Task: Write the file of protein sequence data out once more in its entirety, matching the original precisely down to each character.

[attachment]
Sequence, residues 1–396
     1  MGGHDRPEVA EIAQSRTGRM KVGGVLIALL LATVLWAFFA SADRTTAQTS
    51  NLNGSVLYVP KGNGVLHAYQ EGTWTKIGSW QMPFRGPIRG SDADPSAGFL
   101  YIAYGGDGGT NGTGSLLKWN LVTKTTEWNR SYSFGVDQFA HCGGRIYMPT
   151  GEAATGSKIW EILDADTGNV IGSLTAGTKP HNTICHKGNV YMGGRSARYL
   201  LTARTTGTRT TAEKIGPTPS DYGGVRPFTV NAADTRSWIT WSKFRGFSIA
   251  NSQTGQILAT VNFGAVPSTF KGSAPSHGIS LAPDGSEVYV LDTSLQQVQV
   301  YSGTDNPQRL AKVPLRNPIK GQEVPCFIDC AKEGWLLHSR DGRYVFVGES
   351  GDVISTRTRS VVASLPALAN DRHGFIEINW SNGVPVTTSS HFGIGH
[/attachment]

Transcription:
Sequence, residues 1–396
     1  MGGHDRPEVA EIAQSRTGRM KVGGVLIALL LATVLWAFFA SADRTTAQTS
    51  NLNGSVLYVP KGNGVLHAYQ EGTWTKIGSW QMPFRGPIRG SDADPSAGFL
   101  YIAYGGDGGT NGTGSLLKWN LVTKTTEWNR SYSFGVDQFA HCGGRIYMPT
   151  GEAATGSKIW EILDADTGNV IGSLTAGTKP HNTICHKGNV YMGGRSARYL
   201  LTARTTGTRT TAEKIGPTPS DYGGVRPFTV NAADTRSWIT WSKFRGFSIA
   251  NSQTGQILAT VNFGAVPSTF KGSAPSHGIS LAPDGSEVYV LDTSLQQVQV
   301  YSGTDNPQRL AKVPLRNPIK GQEVPCFIDC AKEGWLLHSR DGRYVFVGES
   351  GDVISTRTRS VVASLPALAN DRHGFIEINW SNGVPVTTSS HFGIGH